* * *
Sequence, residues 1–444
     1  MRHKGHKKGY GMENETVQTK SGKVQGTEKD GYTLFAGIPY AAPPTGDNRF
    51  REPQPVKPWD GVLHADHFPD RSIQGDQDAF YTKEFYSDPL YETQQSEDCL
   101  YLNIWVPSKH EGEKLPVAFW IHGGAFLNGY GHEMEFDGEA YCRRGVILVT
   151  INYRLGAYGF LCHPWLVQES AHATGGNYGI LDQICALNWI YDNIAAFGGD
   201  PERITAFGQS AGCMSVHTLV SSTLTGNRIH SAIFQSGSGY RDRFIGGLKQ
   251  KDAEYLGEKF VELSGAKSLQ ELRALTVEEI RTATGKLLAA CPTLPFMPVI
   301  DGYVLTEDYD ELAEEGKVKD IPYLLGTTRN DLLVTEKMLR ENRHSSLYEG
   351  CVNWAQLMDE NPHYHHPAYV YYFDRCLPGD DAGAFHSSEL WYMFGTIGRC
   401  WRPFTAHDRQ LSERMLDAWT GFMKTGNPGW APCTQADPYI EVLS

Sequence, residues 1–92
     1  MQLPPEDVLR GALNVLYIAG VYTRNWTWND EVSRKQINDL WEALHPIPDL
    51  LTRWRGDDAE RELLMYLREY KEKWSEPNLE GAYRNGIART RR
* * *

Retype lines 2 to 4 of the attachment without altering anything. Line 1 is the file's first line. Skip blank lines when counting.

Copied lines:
     1  MRHKGHKKGY GMENETVQTK SGKVQGTEKD GYTLFAGIPY AAPPTGDNRF
    51  REPQPVKPWD GVLHADHFPD RSIQGDQDAF YTKEFYSDPL YETQQSEDCL
   101  YLNIWVPSKH EGEKLPVAFW IHGGAFLNGY GHEMEFDGEA YCRRGVILVT